Earlier this month Google discussed the nature of the cyber attacks they have been facing from China. The targets included not only politically motivated email accounts, but also attacks on the corporate infrastructure that resulted in theft of intellectual property. During their investigations, Google also found evidence of ongoing attacks on major U.S. corporations including Dow Chemical, Goldman Sachs, and Juniper Networks with intellectual property as the target.
One outcome of this chain of events for any enterprise organization should be a thorough review of the processes by which data is secured. Quite often the motivator and business catalyst for investing in data security has been compliance with government regulations. But I now think it is prudent for organizations to consider that they will be under frequent, directed attacks targeting the intellectual property, source code and design documents that drive their businesses forward.
How should corporations facing these circumstances react? A good starting point is to understand what data needs to be protected and under what circumstances. Nearly all organizations are likely facing situations where critical information is dynamic and growing rapidly. As such it is important to have criteria for understanding which data requires the primary attention.
Are current protection mechanisms sufficient? It is likely that past security issues have biased the investments or way or another. But it is important to evaluate areas of exposure whether the data is in use by an application, stored in a database or traveling over a network. This casts a broad area of concern and certainly impacts all areas of an organization.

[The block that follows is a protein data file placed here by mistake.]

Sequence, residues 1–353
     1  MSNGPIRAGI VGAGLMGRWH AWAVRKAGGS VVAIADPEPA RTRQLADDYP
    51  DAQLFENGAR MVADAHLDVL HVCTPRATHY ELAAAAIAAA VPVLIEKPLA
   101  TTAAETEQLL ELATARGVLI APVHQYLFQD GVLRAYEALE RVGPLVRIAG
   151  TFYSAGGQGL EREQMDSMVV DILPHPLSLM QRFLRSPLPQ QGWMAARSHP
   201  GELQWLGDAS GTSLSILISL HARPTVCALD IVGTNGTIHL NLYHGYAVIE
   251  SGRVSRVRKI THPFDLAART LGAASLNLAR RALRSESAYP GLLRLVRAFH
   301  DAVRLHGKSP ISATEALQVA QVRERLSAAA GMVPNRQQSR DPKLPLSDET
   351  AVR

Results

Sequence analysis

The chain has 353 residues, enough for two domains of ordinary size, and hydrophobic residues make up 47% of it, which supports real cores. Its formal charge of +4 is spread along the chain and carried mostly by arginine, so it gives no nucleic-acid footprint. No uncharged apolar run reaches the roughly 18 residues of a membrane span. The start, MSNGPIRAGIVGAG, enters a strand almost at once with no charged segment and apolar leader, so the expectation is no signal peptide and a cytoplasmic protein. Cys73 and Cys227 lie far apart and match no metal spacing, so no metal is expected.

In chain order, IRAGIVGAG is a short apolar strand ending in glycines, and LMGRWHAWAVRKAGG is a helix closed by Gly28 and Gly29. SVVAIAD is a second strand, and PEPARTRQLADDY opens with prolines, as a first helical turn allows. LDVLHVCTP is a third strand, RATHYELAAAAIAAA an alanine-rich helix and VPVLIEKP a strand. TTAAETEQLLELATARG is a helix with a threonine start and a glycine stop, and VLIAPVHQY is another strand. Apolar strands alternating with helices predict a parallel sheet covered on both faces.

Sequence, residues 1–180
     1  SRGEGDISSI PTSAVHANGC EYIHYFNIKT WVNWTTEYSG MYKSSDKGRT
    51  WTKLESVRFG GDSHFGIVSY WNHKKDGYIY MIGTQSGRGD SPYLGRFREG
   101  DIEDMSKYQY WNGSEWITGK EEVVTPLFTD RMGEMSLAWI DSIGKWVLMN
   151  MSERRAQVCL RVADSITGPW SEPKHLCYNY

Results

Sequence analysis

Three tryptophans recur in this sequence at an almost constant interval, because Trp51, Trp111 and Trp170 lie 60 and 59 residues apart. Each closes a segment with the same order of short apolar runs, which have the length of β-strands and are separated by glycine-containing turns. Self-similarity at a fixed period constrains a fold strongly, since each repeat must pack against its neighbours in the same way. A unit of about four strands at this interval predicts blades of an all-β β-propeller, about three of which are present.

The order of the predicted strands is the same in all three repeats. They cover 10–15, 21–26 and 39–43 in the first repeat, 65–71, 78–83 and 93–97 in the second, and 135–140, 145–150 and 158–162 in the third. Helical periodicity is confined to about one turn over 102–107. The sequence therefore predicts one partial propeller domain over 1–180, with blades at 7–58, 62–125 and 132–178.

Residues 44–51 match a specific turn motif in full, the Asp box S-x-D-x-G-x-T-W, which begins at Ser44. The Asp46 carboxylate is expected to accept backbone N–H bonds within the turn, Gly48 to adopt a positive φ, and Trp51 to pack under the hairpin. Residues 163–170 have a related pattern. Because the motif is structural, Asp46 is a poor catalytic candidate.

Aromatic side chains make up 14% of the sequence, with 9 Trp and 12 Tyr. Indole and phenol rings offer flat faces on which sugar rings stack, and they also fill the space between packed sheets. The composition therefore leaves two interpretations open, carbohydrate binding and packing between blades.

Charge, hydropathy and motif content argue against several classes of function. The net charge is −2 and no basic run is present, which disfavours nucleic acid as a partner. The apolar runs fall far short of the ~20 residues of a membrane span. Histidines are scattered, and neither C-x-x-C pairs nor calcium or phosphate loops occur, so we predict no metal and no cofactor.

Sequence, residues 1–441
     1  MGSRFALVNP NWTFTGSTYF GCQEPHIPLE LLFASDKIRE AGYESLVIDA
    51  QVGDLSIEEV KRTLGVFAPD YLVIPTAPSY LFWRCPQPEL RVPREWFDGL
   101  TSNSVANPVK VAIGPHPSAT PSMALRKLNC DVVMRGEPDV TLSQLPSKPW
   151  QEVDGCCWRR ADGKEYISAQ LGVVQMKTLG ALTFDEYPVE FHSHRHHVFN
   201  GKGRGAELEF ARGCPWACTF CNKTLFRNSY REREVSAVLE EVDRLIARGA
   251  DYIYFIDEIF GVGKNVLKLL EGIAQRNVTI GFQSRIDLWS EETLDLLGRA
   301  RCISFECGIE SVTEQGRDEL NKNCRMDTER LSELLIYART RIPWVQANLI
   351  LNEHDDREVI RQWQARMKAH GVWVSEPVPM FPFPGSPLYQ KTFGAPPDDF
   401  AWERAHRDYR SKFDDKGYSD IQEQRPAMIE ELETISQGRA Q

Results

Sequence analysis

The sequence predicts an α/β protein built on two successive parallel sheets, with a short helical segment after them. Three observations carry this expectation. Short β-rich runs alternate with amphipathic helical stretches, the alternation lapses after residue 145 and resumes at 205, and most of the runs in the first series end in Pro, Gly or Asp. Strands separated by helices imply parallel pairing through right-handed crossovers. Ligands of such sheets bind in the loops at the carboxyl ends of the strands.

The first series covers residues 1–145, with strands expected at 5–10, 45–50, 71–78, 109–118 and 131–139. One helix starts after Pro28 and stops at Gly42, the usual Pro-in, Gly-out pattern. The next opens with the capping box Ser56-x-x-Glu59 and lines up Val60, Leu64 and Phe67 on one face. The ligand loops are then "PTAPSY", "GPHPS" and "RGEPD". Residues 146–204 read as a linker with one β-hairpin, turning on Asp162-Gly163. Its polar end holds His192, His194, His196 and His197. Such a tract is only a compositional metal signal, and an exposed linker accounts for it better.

Given the severity of these events it bears closer examination of the attack approach. In some cases the attackers took advantage of a zero day vulnerability in Internet Explorer to access employee PCs. In other cases employees were sent contaminated PDF files, leveraging vulnerabilities in Adobe Acrobat. Once the PC was compromised a Trojan was then downloaded to the machine and following that the corporate network was accessed from the hijacked end-point.
Note also that the attacks were not directed at the network but at employees using the end point compromise to go after intellectual property. The attackers capitalized on the alignment of two significant trends – high grade Trojans and broad based infection capabilities. These developments should cause both business unit managers and security staff to pause and consider their approaches to data protection.
One valuable approach is to look at the system as a whole. The primary components of this security system are policy, strategy and control. The policy component defines the risks facing the business, the security program requirements and articulates the goals and measures for the program. The strategy is developed through a model of the risk situation, data to be protected and controls to carry out the protection objective. Lastly the control section implements, audits and manages the plan. The net result is business enablement.
It is also useful to look to others in the industries that have faced similar problems. The financial sector has been tackling nearly identical issues for many years. Consider electronic fraud, rather than rob the bank attackers have targeted user accounts. Quite similar to the challenges that enterprise customers now face. What’s worked well in financial sector? Systematic hardening of the infrastructure, multiple layers of defense, active logging of user activity, data encryption and centralized key management has proven effective.
Regardless of whether you look at information security from a top down perspective or through the lens of others facing similar challenges the era of cybercrime targeting enterprises is upon us. It is worth taking a thorough review of the situation.
– John Reno